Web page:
Sebastian Vettel of Red Bull Racing profited immensely by McLaren’s mechanical woes to take the win for the second straight year in the Formula One Singapore Grand Prix.
The two-time defending world champion was running second, one-and-a-half seconds behind pole-sitter Lewis Hamilton’s McLaren when the McLaren’s gearbox went away on lap 23. Vettel was three seconds ahead of McLaren’s Jenson Button when Hamilton retired, and nine seconds ahead at the finish.
The win, and Hamilton’s retirement, put the Red Bull driver back into the title chase. Vettel went from third with 140 points to second with 165, 29 points behind Ferrari’s Fernando Alonzo who finished third, a ten-point gain. Hamilton fell to fourth, scoring no points on the day.
The 25-year-old German driver told Formula1.com that he didn’t know how much the win would ultimately matter in the points race, “but for sure it was great to bag 25 points. It’s been a good day for us.
“At the end of the first stint I could not keep up the speed and had to pit for new tires, which wasn’t exactly the plan. In the end the decision was correct as I felt much more comfortable on the harder compound and could get closer to Lewis.
“He then ran into trouble and had to stop so it is hard to say what would have happened had he stayed in the race. But speed-wise I would say that in the second stint something would have been possible. In the end it was not necessary to try anything. I must say that it was a really good weekend.”
A pair of accidents brought out the safety car twice, shortened the race by two laps (race duration was 61 laps or two hours.) This let—or forced—most drivers to complete the race on two sets of tires. Vettel is a master at saving his tires; so is Jenson Button, but on Singapore’s slow-speed corners in the high heat, Vettel did better.
Vettel, accustomed to being at the front of the field in every race, had had only a single win prior to Singapore. “It has taken long enough to get my second victory of the season, so yes, I am happy and very satisfied after a good weekend,” he said. “I am very much looking forward to the next few races.”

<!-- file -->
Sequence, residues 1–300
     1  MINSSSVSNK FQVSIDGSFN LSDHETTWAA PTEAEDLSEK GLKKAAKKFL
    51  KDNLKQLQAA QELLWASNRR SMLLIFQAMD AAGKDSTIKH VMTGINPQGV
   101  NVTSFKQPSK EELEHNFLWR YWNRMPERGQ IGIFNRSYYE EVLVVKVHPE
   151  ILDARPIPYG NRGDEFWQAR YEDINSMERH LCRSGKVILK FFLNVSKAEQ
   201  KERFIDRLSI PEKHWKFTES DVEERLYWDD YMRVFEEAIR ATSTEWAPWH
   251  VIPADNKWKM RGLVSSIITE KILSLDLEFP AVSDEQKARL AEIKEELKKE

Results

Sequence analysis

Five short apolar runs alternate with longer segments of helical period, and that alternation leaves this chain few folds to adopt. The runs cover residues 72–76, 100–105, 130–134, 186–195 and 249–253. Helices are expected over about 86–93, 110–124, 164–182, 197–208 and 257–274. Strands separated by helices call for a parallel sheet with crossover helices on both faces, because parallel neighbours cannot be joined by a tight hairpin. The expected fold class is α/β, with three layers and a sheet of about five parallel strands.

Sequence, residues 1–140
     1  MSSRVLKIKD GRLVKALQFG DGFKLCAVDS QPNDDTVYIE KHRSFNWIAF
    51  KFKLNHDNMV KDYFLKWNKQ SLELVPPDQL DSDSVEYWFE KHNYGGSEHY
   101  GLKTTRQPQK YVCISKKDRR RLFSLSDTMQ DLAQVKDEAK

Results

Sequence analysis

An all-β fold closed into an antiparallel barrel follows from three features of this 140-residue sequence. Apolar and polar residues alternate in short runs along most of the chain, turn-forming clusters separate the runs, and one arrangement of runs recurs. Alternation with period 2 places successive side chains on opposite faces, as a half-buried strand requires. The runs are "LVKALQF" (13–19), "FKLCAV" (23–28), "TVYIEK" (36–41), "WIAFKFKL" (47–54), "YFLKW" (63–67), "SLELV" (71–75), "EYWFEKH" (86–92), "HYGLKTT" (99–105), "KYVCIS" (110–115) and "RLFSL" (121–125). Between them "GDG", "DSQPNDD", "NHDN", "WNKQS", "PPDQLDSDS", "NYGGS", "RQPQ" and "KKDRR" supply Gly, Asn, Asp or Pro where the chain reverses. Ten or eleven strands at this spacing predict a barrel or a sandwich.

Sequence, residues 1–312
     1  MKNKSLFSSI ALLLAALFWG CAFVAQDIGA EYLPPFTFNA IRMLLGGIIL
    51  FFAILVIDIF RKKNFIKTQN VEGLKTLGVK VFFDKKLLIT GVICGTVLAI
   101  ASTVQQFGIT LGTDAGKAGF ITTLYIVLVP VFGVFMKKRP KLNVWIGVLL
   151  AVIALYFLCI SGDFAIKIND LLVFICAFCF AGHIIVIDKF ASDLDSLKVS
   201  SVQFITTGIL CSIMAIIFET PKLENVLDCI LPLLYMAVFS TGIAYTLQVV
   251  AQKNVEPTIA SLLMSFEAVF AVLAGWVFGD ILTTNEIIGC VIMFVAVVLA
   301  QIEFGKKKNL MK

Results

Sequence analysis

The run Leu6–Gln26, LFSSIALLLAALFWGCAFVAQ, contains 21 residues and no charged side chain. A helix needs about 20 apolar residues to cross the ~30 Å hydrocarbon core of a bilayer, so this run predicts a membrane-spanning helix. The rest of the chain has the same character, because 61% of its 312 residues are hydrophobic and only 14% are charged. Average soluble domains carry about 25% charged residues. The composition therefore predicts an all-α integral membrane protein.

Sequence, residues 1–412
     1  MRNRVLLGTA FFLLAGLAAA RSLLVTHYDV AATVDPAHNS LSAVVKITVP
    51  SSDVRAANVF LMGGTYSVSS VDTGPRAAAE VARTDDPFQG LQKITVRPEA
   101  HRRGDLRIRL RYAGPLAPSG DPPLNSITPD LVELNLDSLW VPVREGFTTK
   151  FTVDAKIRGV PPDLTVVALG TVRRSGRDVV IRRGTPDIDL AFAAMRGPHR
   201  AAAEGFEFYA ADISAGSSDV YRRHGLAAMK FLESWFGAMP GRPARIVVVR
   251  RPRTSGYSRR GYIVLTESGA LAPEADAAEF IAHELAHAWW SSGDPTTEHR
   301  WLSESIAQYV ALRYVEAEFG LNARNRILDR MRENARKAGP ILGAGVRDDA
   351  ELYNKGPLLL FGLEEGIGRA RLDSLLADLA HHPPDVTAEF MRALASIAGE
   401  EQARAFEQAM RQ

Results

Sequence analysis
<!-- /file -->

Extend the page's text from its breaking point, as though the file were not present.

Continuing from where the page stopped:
Lewis Hamilton also tried to sound optimistic, though perhaps it took more effort. “It’s heart-breaking not to have finished the race today,” he said in a team press statement.
“We definitely had the pace to win this weekend. In fact, before I retired, I was cruising; just managing the gap back to Seb [Vettel].
“Obviously, I was disappointed, but the good thing we can take away from this weekend is that we have extremely good pace. As a result, I think we can really attack in the next few races. It’s going to be hard to close the gap to guys like Fernando [Alonso] and Sebastian [Vettel], especially when they keep finishing race after race, but I’ll never give up.
“There are six more races, and I need to go and win all six. I’ll fight until the end.”
Fernando Alonso told Formula1.com, he didn’t care how it worked out so long as he stayed ahead in his search for his third drivers’ title. “In Monza is was Lewis winning the race and Sebastian retired. Here it’s Sebastian winning, Lewis retiring, so for me it’s okay if they keep doing it like this.”
Formula One’s next race will be the Japanese Grand Prix on October 7.
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